Here is a photograph that was in the news during the Pope’s visit to the UK during September, 2010. It is commonly assumed that the man standing there with him is the Archbishop of Canterbury, ++Rowan Williams. I usually do nothing at all to change that perception, but in actual fact, ++ Rowan and I are doubles, and I could stand in for him and no one would know the difference at all. For all practical purposes then, we can take this as a photograph of Pope Benedict XVI and your scribe, who happens to be very much OUT of communion with ++ Rowan Williams.
After seeing that picture, it probably will not surprise anyone if I tell you that I am an old man. I came to the priesthood late, after a long career as an academic and a practicing mechanical engineer. I held the position of Professor of Mechanical Engineering at several well known universities, and I also did engineering research for a wide variety of real work companies ranging from the watch industry, to the steel mills, diesel engine driven machinery, and lastly electric propulsion work for the US Navy. It was a long and varied career, all quite interesting. I enjoyed my work immensely, and never for a minute did I see anything that made me question my faith in God. The idea that increasing technical knowledge leads to loss of faith is completely bogus. In fact the opposite is true; the more you understand, the more clearly the hand of God becomes evident in Creation.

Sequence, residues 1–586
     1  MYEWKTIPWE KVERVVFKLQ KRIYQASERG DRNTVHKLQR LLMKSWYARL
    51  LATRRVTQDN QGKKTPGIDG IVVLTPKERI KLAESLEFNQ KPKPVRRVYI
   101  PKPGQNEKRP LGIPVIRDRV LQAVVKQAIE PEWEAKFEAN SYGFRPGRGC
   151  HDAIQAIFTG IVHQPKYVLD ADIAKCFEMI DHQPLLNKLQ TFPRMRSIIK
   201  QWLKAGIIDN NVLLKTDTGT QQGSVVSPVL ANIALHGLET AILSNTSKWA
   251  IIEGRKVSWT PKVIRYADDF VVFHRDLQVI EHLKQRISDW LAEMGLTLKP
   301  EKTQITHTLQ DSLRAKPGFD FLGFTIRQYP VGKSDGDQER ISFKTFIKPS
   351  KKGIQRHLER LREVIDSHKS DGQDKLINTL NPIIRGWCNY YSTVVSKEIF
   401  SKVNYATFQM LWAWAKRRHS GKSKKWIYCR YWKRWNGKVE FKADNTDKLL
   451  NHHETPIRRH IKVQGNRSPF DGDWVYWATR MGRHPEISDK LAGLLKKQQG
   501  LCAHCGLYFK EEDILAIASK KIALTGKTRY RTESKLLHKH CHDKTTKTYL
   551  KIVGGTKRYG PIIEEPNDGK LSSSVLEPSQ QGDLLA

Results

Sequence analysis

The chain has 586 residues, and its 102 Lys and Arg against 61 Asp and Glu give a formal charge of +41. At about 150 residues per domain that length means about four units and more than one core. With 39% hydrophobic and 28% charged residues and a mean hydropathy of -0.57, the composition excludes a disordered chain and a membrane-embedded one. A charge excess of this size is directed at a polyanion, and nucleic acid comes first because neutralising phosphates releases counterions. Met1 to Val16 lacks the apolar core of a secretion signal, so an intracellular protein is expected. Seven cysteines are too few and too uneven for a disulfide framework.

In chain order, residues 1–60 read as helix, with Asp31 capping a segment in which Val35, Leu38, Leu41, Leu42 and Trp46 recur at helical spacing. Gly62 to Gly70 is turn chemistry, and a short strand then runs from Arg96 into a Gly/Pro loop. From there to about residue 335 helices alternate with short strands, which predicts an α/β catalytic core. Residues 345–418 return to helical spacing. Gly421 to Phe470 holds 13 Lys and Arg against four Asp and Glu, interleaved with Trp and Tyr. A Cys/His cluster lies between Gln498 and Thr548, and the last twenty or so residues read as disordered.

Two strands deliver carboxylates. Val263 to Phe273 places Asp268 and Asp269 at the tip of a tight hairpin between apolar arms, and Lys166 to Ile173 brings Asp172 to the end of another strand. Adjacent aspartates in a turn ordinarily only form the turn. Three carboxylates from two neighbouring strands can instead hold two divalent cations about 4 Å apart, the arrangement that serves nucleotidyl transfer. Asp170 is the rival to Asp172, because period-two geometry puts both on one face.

Throughout most of my working life, I have had a sense of God calling me to come work for Him, but I could never see how to put it all together. I had family responsibilities (a wife and three children) that I had to support, and one of my children had some special needs that had to be taken into consideration. In short, I never did act on that call as long as I was employed full time. When I retired, however, then there was time, and it was definitely time to think about how to respond to this call. I was also getting much older, so spending several years in a conventional seminary course did not seem very attractive, although it would have been a wonderful way to prepare. Instead, I elected to “read for orders,” which means to study on my own under the guidance of a Continuing Anglican Bishop. I was fortunate to find a Bishop who was actively training a number of men for the ministry, and this helped greatly to get into an organized effort.
I live in a small town that is not very receptive to Anglicanism (it is the seat of a Roman Catholic Archdiocese, and is 70+% RC) and consequently I have a very small parish. I would like to see the parish grow, but that is not a critical issue. This important thing is to have it here for any who want it. We will make our witness, and we will reach out to the world at large as well. This last is what the blog is all about.